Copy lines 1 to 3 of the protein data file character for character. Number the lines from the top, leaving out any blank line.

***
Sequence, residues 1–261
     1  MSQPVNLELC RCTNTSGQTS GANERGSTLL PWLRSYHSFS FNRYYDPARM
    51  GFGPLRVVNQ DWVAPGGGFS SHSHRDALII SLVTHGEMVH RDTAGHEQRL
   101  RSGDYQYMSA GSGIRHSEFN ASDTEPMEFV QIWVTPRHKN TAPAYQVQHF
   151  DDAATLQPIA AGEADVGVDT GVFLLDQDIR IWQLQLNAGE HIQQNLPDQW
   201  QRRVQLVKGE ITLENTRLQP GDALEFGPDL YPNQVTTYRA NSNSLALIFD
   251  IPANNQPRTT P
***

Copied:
Sequence, residues 1–261
     1  MSQPVNLELC RCTNTSGQTS GANERGSTLL PWLRSYHSFS FNRYYDPARM
    51  GFGPLRVVNQ DWVAPGGGFS SHSHRDALII SLVTHGEMVH RDTAGHEQRL